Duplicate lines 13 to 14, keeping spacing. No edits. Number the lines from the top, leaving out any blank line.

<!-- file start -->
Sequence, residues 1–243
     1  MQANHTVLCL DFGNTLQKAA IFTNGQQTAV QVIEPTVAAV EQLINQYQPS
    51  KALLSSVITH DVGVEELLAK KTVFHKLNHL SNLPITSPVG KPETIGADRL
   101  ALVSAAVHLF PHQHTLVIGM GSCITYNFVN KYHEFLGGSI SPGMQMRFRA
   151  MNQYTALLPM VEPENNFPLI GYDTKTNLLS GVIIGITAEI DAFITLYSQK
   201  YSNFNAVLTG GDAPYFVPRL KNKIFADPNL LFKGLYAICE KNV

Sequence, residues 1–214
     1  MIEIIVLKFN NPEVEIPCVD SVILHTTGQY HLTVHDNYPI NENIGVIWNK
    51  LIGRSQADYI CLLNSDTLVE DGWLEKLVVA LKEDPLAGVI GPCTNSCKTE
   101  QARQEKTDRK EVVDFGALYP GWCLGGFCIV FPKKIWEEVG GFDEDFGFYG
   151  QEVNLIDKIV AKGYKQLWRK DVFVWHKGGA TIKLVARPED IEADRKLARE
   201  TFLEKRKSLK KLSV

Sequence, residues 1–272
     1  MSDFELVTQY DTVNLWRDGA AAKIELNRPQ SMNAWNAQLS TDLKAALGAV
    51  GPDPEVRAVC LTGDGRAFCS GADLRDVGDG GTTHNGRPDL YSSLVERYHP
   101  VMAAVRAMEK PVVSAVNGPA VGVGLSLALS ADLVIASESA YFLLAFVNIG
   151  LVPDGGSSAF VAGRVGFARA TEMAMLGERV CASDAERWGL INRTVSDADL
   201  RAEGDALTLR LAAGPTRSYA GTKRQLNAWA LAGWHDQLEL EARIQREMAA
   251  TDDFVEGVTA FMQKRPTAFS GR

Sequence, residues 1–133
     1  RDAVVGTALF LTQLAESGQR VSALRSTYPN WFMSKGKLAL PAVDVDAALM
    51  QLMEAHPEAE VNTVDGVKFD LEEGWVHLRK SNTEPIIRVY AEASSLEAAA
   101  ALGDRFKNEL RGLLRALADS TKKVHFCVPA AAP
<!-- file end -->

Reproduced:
Sequence, residues 1–272
     1  MSDFELVTQY DTVNLWRDGA AAKIELNRPQ SMNAWNAQLS TDLKAALGAV